Kromtech security research center recently found more than 500,000 records belonging to SVR tracking, a company that specializes in tracking and recovering stolen vehicles. The company that published the password leak provides customers with trackers that they hide in their vehicles, hoping they would help in case of theft.
The SVR tracking devices are supposed to help auto dealers or other customers “locate and recover their vehicles with live, real-time tracking, and provide stop verification, enabling them to determine potential locations for their vehicles.” SVR Tracking added, “Alerts will flag owners, making them aware of events of interest. The application dashboard provides real-time graphs and detailed vehicle data suited to tighter control and accurate measurements of vehicle activity.”
The records were found online in a wide-open, public facing, and misconfigured Amazon Web Server (AWS) S3 cloud storage bucket. The information has been exposed for an unknown period.
The leaked cache contained details of roughly 540,000 SVR accounts, including email addresses and passwords, as well as users’ vehicle data, like VIN (vehicle identification number), IMEI numbers of GPS devices, and other collected data on customers and the 427 auto dealerships that use the tracking services.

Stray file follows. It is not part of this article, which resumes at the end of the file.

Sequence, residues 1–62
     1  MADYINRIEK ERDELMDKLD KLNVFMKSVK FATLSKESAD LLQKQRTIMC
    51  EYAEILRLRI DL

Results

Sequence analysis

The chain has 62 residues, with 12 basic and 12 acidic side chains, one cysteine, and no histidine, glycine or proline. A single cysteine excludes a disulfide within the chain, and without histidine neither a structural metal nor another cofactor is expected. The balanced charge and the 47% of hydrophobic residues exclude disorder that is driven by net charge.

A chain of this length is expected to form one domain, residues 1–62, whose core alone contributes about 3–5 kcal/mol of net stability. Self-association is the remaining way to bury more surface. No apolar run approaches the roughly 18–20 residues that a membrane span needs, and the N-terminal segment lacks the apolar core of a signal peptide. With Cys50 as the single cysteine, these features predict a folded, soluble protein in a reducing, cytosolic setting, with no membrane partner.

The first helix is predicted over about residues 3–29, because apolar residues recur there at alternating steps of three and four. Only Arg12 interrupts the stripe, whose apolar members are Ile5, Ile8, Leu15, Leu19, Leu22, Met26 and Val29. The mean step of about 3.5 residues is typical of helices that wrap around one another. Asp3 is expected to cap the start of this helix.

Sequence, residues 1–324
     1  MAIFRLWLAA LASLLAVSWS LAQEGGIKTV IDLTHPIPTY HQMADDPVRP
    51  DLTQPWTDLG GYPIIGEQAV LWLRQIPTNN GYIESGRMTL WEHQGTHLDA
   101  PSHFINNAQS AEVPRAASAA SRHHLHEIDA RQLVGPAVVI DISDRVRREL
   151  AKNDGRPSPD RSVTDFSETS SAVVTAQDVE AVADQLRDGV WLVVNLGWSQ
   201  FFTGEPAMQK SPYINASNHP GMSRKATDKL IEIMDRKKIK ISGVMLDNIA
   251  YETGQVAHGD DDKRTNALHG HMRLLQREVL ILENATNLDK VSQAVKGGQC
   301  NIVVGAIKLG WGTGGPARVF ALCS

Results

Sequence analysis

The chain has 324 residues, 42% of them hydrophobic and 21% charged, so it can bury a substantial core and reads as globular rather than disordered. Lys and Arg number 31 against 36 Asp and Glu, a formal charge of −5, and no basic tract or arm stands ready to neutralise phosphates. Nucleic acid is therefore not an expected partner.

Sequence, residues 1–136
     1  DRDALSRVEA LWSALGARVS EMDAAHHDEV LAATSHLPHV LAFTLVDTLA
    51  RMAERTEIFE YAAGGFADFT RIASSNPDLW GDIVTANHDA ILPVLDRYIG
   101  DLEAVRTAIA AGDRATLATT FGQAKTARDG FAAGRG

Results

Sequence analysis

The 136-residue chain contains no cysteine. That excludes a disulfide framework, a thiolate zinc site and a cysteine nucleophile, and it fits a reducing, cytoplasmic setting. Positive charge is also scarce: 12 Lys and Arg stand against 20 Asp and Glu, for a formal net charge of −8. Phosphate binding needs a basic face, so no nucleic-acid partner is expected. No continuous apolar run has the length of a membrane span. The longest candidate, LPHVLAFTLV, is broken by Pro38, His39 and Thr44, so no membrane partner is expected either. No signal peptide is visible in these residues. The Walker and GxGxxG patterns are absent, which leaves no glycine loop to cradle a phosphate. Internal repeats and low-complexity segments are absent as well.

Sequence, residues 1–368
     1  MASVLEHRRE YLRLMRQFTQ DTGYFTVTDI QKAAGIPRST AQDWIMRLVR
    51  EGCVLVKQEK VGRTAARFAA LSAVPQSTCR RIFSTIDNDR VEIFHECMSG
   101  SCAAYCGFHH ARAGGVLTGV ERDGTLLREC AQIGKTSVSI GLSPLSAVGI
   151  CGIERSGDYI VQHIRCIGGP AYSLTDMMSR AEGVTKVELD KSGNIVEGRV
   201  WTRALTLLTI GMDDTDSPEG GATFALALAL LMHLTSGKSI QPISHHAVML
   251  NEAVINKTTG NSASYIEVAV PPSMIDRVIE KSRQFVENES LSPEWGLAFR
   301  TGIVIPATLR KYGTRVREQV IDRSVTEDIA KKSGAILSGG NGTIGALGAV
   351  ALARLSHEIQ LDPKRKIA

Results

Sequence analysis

After Kromtech notified SVR Tracking about the password leak, the bucket was secured, but otherwise the company didn’t respond to Kromtech. There is a security incident notification on the company’s site. It reads:
While SVR is not in a position to confirm the accuracy of everything reported by others, Kromtech contacted SVR on September 20, at which point we immediately began our own investigation into an incident concerning one of our data repositories. Within 3 hours, SVR fixed the repository configuration vulnerability Kromtech identified. SVR’s investigation into potential unauthorized access to the repository is ongoing, and we will take any further steps reasonably necessary to help safeguard sensitive information pertaining to our customers.
Back in July, Amazon sent emails to customers with public facing S3 buckets, warning them:
By default, S3 bucket ACLs allow only the account owner to read contents from the bucket; however, these ACLs can be configured to permit world access. While there are reasons to configure buckets with world read access, including public websites or publicly downloadable content, recently, there have been public disclosures by third parties of S3 bucket contents that were inadvertently configured to allow world read access but were not intended to be publicly available
Make sure your AWS S3 bucket is configured correctly before uploading any sensitive or personal data.